by Steve Polta
Stan Brakhage (1933–2003) was easily the most prolific filmmaker in the medium’s history. With nearly 400 films created during 50 years of activity, he is recognized (especially in the field of “avant-garde” or “experimental” filmmaking) as one of the medium’s most significant and influential practitioners. While two very impressive multi-disc DVD sets have been issued on the Criterion imprint and include over 50 works, public screenings of Brakhage’s work are few and far between.
For a body of work so concerned with the physical nature of light and its direct perception, the viewing of Brakhage’s work on film is essential to an appreciation of his aesthetic. For this reason it is commendable that Yerba Buena Center for the Arts’ film curator Joel Shepard chose to present the series Brakhage! Brakhage! Brakhage! at this time, providing as it does a brief introduction (or possibly re-introduction) to a selection of 17 of the artist’s films.
In Stan Brakhage’s emphatically poetic writings he expressed desire for an intimate form of personally expressive cinema which would grow from bodily experience and embody a worldview based on subjective experiences of visuality; on personal memory, fantasy and metaphor; and on direct non-linguistic encounter with objects of perception. Above all, Brakhage was a poet of light, of light as tool for expressive filmmaking but also of light as the holy suspended medium supporting all existence and as the spiritual origin of all matter, and of consciousness itself. These approaches to filmmaking are best articulated in the works in YBCA’s first program, “Self and Other.” This collection of five films also demonstrates another major concern of Brakhage’s—that of the filmmaker as documenter, chronicler and poet of his own daily life. This generally introspective body of work is concerned with developing a subjective form of visual poetry based on the amateur (home movie) aesthetic derived from the artist’s dailiness and from the lives and experiences of members of his family, a filmic depiction of the artist’s life in poetic and epic terms. (This aesthetic approach is articulated in Brakhage’s A Motion Picture Giving and Taking Book. Originally published in 1971 by Frontier Press and notoriously hard to come by, A Motion Picture Giving and Taking Book is reprinted in its entirety in Essential Brakhage, Bruce A. MacPherson, ed., published by MacPherson Publishers 2001.) Films of this period take as subject matter the rhythms of life, with notable attention paid to the births, development and socialization of his children. Two works which exemplify this approach to filmmaking are Star Garden (1974) and Soldiers and Other Cosmic Objects (1976), with Scenes from Under Childhood, part 1 (1967, screened in program two) providing perhaps its most significant expression.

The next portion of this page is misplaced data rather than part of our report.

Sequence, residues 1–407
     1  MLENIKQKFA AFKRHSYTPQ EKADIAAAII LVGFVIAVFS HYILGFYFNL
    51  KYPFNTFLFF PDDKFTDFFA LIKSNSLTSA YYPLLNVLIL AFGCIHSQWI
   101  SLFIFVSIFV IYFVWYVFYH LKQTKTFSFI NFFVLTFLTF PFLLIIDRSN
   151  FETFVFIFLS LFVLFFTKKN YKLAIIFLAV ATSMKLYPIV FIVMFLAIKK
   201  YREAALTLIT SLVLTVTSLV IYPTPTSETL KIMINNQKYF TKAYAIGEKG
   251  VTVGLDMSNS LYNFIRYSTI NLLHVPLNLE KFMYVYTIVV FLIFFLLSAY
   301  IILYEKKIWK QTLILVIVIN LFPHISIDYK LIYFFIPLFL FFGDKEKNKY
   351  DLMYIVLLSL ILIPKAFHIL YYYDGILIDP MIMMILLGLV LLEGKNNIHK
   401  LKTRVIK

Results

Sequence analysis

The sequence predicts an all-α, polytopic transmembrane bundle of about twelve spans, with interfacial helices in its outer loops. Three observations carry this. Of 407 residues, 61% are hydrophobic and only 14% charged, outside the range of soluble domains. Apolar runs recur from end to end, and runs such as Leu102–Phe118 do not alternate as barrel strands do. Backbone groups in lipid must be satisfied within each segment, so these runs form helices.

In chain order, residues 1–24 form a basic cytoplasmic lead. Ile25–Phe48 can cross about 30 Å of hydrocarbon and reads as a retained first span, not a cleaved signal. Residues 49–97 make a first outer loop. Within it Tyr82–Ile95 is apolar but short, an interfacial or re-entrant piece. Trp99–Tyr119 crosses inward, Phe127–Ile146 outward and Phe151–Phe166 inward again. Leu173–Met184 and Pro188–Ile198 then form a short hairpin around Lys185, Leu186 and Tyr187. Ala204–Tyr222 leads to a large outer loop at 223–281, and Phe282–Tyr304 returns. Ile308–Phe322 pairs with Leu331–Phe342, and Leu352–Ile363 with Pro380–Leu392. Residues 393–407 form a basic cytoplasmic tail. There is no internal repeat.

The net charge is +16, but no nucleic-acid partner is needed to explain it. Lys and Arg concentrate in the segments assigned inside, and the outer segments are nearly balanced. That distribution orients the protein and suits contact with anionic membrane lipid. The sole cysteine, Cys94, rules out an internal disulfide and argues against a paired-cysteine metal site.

Of the films on this program, Star Garden most significantly fuses Brakhage’s twin filmmaking concerns of light and of poetic documentation of life and family. Opening with time-lapse footage of the sun and moon arcing across the sky, the film’s first drama is the uncanny solidification of light, achieved through the inversion of positive and negative film imagery. When depicted in positive, the home seems welcoming, with warm light caressing bookshelves, a staircase, bedrooms and blankets. In negative rendering, light mysteriously takes form as a dense, growing and breathing presence. As portraiture, the film depicts the Brakhage children as dreamers, suspended in a world of glowing light. Throughout, Brakhage’s interest seems to veer toward the appreciation of light in motion, signaling its own primacy as well as the passing of time. Toward the end of the film, the children venture out of the home and stage rituals of play and pageantry.